Introducing verifications

New and Noteworthy, Q7, 6.09.2013 by Ivan Inozemtsev View Comments

In my opinion, a good functional test can be represented like this:


Therefore, a test case takes an system under test in some well-defined state, performs some actions, which transfer a system into another state, and then verifies that the final state is correct.

Thus, in a test case we need to specify the following:

  • Initial state
  • Actions to perform
  • Expected final state

Since the very beginning Q7 had support for declarative description of an initial application state via contexts, and imperative scripting language describing user actions, but there were no efficient way to verify a final state of an application – assertion statements in scipt look very bulky and not very readable, they cannot be reused and it might take way too long to add assertions for all aspects we want to check.

In Q7 1.3.6 we are filling this missing gap and introducing verifications – declarative reusable descriptions of various aspects of an application state, and finally Q7 test case description perfectly fits a picture from a beginning of this post:


During setup of inital state, it does not make sense to describe it completely – we need to describe and ensure only parts of a state which are relevant to our actions. For instance, if we are testing About dialog, we do not care about projects in workspace or open views, and if we are testing Package Explorer view, we don’t care about Java compiler settings.

Same with a final state – it makes sense to check only those aspects of an application state, which supposed to be affected by performed actions (or those aspects which should not be affected, but in theory might be affected because of bugs).

Though both contexts and verifications are about a state, there is a couple of important differences between them:

  • When context fails (i.e. we could not bring an application workspace into expected state), execution is immediately interrupted. However if a verification fails, it makes sense to run other verifications too. Of course a test case is considered failing even if one verification fails, but running all of them allows to collect more information about what is broken and what is working.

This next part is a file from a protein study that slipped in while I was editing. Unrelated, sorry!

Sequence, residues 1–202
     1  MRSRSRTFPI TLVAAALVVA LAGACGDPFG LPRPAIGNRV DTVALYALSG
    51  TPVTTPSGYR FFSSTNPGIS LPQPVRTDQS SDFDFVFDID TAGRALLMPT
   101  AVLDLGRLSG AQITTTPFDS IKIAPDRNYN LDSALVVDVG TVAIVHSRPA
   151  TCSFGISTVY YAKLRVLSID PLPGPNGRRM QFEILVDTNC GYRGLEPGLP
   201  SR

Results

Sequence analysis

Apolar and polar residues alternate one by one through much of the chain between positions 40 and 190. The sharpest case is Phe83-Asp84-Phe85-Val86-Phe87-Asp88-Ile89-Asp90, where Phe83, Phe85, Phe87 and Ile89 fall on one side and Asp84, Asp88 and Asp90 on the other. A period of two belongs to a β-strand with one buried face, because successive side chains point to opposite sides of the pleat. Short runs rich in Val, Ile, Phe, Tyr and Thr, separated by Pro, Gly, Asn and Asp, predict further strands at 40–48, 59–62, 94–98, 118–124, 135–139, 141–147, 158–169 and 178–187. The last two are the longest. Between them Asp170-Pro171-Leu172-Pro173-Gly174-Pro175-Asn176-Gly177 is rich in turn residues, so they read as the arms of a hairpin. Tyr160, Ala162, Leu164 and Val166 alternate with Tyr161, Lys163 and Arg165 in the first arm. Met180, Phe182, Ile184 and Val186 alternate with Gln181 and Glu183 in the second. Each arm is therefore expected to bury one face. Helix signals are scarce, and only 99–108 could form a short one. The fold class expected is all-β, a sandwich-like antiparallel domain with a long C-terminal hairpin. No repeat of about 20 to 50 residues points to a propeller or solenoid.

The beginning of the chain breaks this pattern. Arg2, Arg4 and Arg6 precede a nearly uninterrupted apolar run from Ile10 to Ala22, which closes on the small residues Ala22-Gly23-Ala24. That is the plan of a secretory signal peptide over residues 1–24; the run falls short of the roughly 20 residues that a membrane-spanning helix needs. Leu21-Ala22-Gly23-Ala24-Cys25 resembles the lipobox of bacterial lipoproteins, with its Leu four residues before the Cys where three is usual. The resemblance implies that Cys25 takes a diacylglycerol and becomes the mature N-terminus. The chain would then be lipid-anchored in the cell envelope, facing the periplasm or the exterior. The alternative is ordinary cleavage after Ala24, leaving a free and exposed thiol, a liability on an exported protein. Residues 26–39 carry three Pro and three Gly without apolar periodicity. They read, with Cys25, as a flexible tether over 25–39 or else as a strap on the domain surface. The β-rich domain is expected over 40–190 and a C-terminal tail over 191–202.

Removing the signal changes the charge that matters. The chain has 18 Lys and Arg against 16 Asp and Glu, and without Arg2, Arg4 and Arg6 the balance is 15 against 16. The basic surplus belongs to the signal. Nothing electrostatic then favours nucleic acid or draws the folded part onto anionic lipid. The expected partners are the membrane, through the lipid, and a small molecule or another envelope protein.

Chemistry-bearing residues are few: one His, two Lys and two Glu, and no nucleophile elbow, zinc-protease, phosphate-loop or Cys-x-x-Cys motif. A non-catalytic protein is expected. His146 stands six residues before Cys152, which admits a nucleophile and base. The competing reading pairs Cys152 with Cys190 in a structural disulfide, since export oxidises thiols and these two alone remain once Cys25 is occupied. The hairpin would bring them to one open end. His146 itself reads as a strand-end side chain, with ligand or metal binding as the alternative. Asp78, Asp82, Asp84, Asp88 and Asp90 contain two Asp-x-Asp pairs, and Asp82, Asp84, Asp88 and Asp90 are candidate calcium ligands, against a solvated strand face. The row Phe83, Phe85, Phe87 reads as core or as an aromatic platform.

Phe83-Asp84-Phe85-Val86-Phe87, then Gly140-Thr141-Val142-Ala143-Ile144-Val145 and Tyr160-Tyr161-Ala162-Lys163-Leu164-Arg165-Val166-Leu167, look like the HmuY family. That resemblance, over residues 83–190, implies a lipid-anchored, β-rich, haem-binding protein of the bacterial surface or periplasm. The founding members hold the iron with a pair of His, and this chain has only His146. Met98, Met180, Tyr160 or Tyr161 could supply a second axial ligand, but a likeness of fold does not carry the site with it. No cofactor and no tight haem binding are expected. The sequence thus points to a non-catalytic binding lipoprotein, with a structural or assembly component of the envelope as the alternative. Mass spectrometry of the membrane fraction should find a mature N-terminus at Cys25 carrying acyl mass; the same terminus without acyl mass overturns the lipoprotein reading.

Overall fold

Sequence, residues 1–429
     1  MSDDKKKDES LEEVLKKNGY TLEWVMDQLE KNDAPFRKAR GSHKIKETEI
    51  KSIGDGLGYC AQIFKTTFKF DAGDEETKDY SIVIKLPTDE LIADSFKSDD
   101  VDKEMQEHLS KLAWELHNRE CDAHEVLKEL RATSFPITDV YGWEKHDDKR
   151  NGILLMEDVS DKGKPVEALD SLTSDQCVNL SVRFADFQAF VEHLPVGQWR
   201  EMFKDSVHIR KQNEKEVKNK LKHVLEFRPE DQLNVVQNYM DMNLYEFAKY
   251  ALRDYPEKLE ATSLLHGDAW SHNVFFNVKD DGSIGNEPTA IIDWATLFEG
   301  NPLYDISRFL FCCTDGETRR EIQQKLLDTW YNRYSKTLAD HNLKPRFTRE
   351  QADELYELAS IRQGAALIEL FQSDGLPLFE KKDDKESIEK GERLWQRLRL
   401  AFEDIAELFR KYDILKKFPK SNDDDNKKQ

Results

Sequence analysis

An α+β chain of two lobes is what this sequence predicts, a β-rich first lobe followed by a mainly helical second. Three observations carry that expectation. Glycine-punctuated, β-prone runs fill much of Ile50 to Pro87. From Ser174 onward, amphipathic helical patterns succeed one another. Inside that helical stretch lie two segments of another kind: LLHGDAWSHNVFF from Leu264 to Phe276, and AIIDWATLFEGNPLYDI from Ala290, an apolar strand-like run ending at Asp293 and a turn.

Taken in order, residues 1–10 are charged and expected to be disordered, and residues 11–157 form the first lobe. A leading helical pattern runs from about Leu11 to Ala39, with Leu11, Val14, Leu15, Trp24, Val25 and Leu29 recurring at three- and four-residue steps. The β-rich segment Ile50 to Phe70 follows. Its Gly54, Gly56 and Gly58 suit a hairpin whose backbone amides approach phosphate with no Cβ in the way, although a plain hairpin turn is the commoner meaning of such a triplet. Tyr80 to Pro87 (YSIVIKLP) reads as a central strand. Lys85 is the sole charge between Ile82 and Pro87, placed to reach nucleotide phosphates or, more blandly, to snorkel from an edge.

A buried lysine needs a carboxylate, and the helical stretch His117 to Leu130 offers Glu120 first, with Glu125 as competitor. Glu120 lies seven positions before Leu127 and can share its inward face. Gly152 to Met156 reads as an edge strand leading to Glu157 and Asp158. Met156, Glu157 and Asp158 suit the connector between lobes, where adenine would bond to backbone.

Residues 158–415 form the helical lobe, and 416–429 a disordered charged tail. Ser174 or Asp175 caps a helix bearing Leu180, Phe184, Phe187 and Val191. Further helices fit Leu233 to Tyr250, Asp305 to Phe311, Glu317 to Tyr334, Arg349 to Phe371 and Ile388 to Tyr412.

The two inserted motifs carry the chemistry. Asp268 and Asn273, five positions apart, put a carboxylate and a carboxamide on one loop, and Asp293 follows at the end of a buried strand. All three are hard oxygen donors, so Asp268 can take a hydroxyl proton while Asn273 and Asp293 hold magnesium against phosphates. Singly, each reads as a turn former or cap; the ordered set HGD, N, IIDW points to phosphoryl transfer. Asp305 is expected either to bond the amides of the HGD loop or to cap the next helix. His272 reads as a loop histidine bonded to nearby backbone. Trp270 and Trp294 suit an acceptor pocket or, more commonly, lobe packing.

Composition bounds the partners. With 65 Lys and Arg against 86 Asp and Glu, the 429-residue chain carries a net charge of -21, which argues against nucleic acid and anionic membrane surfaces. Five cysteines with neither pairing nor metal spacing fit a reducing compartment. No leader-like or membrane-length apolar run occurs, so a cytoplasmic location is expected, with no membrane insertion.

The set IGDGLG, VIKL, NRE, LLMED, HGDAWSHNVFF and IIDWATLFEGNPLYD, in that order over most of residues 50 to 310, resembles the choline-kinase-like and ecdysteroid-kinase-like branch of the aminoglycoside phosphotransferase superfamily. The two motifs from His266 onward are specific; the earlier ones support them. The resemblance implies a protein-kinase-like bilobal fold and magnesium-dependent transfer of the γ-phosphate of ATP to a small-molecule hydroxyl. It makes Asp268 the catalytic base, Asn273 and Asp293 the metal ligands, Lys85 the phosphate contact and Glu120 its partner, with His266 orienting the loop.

• Context always specify an ‘absolute’ state, but during verification, for some aspects it matters to operate on a state delta – the difference between initial and final states.

Currently released version contains two kinds of verifications:

  • Text verification. Verifies that given widget contains expected text with (optionally) expected styles. Thus, it is extremely easy to verify that source code is highlighted correctly, or verify that newly created Java class has correct contents.
  • Execution time verification. Makes sure that a test case executes no longer than specified amount of time. This verification can be considered as a constraint on a state change of a system clock.

This blog post is intended to give an overview about verifications as a concept, a separate blog post about creation and usage of verifications in Q7 will be published later.

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